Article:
Porsche (L, middle row) is pictured with TeamChild staff and Youth Advisory Board members on the steps of the capitol building in Olympia.

Back to the Future with the Youth Advisory Board

Sometimes you have to look back to see what’s up ahead. But first we must ask, why now? With so much change in our society we are finding that more and more harm is being done to our young people and young people are hurting—from the increase of juvenile incarceration, to youth suicide rates, a mental health crisis, and youth homelessness. We must truly examine what it means for youth to lead the change. Over the centuries, adults have held the power over youth without reflecting on the impact of that power. When you talk to young people, they have so much insight and knowledge to share that can in fact change their outcomes, create the least amount of harm and begin healing society. And that’s because, as Glenn E Martin stated, “those who are the closest to the problem are closest to the solutions.” That is the core of movement lawyering. And now is the time for it. 

As TeamChild has begun to expand its advocacy to movement lawyering, it has become more and more essential to center the voices of youth. Over the years we have centered our clients in our direct services, and it is only right to keep that model as we look to the future of TeamChild’s systemic advocacy.  In response to the pandemic’s impact on education and the school to prison pipeline, TeamChild partnered with five other Civil Legal Aid organizations to establish the Youth Education Law Collaborative (YELC). Through the Collaborative we established a Youth Advisory Board (YAB).  TeamChild and our community partners began to seek out youth across the state from the LGBTQIA and BIPOC community with lived experience in special education, mental health, juvenile justice involvement, foster care and homelessness.  Over the course of a year, TeamChild formed our first Youth Advisory Board, holding our first official meeting July 28th, 2022.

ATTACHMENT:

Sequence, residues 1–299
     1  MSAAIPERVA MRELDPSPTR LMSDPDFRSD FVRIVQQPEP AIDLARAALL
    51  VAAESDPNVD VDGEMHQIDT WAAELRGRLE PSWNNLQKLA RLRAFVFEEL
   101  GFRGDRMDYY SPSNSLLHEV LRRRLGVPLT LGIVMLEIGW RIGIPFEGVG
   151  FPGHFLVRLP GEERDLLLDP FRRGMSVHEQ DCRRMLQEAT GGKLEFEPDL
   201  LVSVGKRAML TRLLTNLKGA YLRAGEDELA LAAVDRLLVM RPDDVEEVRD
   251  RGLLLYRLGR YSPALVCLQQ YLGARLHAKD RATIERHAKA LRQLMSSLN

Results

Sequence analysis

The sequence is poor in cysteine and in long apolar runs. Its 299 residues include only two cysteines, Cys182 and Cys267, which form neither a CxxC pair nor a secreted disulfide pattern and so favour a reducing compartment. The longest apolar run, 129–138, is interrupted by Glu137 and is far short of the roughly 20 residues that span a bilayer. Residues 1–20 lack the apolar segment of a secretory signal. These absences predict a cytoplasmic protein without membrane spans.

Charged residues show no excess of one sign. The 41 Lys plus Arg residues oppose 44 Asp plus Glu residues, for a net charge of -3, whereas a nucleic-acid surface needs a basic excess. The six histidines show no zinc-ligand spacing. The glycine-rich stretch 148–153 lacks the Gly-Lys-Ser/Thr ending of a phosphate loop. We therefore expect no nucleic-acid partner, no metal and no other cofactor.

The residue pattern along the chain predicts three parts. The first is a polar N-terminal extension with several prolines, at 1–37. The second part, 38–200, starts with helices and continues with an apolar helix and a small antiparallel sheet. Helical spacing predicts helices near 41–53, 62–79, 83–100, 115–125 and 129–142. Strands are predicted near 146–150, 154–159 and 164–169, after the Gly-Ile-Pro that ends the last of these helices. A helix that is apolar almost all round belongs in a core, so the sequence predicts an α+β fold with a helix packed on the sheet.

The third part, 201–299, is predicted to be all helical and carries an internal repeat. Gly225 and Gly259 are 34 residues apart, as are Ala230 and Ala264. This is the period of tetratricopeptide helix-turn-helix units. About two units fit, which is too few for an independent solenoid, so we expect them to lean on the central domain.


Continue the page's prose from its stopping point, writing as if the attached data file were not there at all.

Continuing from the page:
For the next several months, the YAB participated in various trainings on Special Education, Movement Lawyering, Disability Rights and Freedom Schools, to name a few. As training progressed, this group of fifteen youth worked to identify the needs of their communities. By holding listening sessions in five counties with youth ranging from ages 12 to 24 years old, the YAB learned about their experiences since returning to school. Youth shared stories about the lack of communities in schools, insufficient mental health support, peer bullying, adult bullying, and racism.  With this information, the YAB identified their advocacy priorities. The YAB chose mental health resources in schools as their first issue to tackle as a group. They believe by addressing the lack of mental health support in schools, bullying, lack of communities in schools and racism will be addressed as well. These priorities will be instrumental in TeamChild’s future advocacy.  

This past President’s Day 2023, the YAB and TeamChild had the opportunity through community partnership with NW Credible Messengers and Civil Survival to participate in Transform Justice: Day of Action in Olympia. The youth made their voices heard through  meetings with their Senators, local legislative Representatives and staff. YAB Members shared their own experiences and their concerns for their peers to advocate for bills they felt passionate about. I am grateful for the privilege to sit in meetings with such a great group of youth. They spoke about the impact that isolation and restraint had on them – from the trauma, lack of proper support services, to the need for more mental health services in schools. YAB members spoke from the heart about hurdles to accessing safe shelters and housing assistance and the need to increase the length of time youth can stay in licensed shelters. They addressed the need to raise the age for juvenile court involvement to 13 years old due to brain development.   

As we continue to build out this program, we hope to expand the power and reach of youth voice by growing our relationships and following guidance from young people who are directly impacted by failures of these systems. YAB members are already beginning to talk about what it looks like to advocate in Olympia next year, with the hope of championing their own bill to present to legislators. The YAB looks forward to returning to their communities with ideas and strategies to advocate for change and continue to incorporate community guidance in their work, while also collaborating with the YELC to strategize and implement their priorities across organizations. With future funding we hope to continue supporting the YAB,  build community resources, support trainings, provide direct legal service, identify and fight systemic issues and overall make systemic change centering youth throughout Washington.

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